Back to Basics: Lessons Learned from Q1
After a rocky start the first week of the year, Q1 continued with falling oil prices, volatile stock markets, and the economic slowdown in China. Despite these trends, by the end of Q1, with inflation in check and lower unemployment, the U.S. economy appeared to be back on track for two percent GDP growth this year. In response to the volatility and uncertainty experienced in Q1, Blue Canyon observed that many business-to-business (B2B) executives took proactive steps to confirm their corporate strategies, competencies, and plans were bullet proof. In fact, many returned, or are now returning, back to basics to address latent weaknesses and strengthen core capabilities.
As of late, this back to basics approach has been on two fronts: pricing and channel.
While pricing strategy has always been an important lever to business success, many firms have continued to invite us to help them re-evaluate their pricing strategy with a specific focus towards value-based pricing. It’s no surprise. With the U.S. market performing relatively well compared to other major markets, global competition and pricing intensity has increased significantly this year. For example:
- In the global heavy equipment markets, manufacturers need to fill plant capacity and are now focusing on the U.S. market to take advantage of relatively strong demand. This shift has caused current players in the U.S. to face increased price pressure, and as a result, re-evaluate their pricing strategies
- Specialty chemical manufacturers, who previously served the oil and gas industry, have compensated for the lack of growth globally by moving into adjacent U.S. markets, only to find competitive prices forcing them to enter at a low price point
In each scenario, Blue Canyon has helped clients identify a pathway to remain relevant without giving up price.
Redefining and Optimizing Channel Strategy
Across a range of industries, leaders are identifying emerging capability gaps with their channel partners. Technology enhancements have affected (or circumvented) distributors, wholesalers, and dealers, opening a pathway for alternative channel partners.
- In one case, a security solution supplier identified gaps in its distributors’ use of new productivity software, causing the manufacturer to re-evaluate its channel partners and how to support them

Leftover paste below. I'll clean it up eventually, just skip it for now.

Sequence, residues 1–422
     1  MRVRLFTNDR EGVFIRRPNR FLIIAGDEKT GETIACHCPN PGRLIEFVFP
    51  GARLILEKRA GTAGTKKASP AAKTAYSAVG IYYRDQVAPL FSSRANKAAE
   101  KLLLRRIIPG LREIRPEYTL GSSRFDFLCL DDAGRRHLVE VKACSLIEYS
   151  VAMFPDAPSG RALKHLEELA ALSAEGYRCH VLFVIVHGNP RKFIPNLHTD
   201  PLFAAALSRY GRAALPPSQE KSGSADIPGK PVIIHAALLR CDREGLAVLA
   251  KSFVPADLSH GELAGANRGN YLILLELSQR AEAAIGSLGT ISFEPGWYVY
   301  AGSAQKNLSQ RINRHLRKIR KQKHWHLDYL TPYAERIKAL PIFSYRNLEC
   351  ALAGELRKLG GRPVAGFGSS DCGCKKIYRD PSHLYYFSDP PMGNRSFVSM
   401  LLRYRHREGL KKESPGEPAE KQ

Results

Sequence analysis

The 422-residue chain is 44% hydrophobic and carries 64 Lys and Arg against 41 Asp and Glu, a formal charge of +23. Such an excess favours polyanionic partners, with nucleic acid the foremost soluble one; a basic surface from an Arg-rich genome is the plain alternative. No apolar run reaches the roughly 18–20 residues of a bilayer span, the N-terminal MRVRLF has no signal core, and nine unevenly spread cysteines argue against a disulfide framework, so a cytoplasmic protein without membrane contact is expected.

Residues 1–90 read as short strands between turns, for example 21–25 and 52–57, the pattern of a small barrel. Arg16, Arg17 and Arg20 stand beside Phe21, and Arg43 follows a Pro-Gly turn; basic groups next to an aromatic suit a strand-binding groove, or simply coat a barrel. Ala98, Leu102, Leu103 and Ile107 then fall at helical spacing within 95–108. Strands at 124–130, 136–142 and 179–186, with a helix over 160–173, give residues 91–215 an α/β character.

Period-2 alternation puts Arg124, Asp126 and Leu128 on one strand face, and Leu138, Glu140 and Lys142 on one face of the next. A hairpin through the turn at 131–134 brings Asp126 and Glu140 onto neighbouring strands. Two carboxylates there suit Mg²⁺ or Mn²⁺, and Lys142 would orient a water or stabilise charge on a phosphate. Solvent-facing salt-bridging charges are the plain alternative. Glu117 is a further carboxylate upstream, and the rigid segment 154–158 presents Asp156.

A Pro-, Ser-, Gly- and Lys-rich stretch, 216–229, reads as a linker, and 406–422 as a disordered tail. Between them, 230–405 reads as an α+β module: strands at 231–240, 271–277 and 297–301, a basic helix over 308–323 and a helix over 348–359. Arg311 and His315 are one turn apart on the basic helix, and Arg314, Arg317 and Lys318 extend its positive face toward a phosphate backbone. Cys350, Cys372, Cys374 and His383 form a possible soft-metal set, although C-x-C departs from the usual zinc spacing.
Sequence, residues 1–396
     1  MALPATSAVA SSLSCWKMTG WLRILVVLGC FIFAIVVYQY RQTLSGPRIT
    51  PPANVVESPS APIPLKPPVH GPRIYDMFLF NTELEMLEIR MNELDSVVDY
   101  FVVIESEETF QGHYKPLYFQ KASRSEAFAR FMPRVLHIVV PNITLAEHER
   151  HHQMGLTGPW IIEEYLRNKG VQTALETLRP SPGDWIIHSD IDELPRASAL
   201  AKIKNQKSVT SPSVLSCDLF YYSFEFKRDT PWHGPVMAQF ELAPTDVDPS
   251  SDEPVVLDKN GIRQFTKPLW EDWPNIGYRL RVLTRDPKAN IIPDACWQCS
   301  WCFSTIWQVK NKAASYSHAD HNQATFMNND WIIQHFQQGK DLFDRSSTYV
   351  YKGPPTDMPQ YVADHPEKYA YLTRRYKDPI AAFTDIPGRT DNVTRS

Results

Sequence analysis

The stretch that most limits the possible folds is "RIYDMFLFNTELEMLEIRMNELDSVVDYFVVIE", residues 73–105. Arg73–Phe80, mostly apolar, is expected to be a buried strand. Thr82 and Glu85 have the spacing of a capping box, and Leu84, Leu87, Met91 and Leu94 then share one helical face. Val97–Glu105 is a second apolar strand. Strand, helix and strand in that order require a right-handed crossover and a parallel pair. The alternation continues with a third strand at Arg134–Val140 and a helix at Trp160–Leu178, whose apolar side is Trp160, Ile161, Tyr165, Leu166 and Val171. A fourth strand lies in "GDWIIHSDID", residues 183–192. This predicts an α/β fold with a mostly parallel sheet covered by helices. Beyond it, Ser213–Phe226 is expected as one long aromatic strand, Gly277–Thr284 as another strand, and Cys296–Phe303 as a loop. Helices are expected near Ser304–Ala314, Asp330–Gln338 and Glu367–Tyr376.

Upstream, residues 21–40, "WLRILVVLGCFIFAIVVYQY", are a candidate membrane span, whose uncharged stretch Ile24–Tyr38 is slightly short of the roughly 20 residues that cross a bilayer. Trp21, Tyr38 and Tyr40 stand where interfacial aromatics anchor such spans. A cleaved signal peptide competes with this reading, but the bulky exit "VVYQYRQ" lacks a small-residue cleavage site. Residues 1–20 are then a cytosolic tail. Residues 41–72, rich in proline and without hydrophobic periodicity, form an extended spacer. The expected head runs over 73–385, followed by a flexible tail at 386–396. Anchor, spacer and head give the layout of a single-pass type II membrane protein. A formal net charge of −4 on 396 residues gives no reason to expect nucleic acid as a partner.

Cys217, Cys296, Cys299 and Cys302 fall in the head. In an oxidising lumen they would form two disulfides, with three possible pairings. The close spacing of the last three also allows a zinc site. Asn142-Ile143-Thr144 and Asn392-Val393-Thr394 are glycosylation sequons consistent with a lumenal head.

- A major player in the power solutions market decided it was time to reorganize its channel strategy to combat competitor moves and gain share while also exploring new technology to improve connectivity (such as order trackers and ‘find me an expert’ inquiry platforms)
What Should Executives Be Asking?
Returning back to basics in 2016 will provide B2B companies with a solid foundation and preparation for future market volatility. By strengthening pricing and channel strategies, companies are taking measures to protect themselves against new entrants, channel disruption, and price degradation.
Moving forward, B2B executives should be asking themselves:
- Are we making strategic decisions that protect and support our core business against future turbulence?
- Where are we seeing pricing pressure and what can we do to better defend the value of our solutions?
What risks do these economic trends pose to our primary channel network, and what can we do to strengthen our connections with our top channel partners?
View Blue Canyon’s Latest Insights on Pricing and Channel:
|New Entrants||Promote your services, nurture customer relationships, retain or expand any product differentiation, and be attentive|
|Alternate Channels||Promote your points of differentiation, particularly those that are expensive or time-consuming to duplicate|
|Consolidation||Promote your services, nurture your customer relationships, and be attentive; Look for buy or sell opportunities|
|Converging or Integrating Roles||Stay abreast of changes and keep your customers’ problems in your sights|
 Putnam, Laura J. (2016). Three Reoccurring Principles for Pricing Strategies. Retrieved from Blue Canyon Partners, Inc. Blog